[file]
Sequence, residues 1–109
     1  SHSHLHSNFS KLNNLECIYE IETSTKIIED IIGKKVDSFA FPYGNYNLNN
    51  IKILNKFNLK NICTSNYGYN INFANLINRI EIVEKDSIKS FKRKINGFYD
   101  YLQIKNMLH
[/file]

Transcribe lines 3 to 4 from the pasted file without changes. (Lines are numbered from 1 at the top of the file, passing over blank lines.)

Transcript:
    51  IKILNKFNLK NICTSNYGYN INFANLINRI EIVEKDSIKS FKRKINGFYD
   101  YLQIKNMLH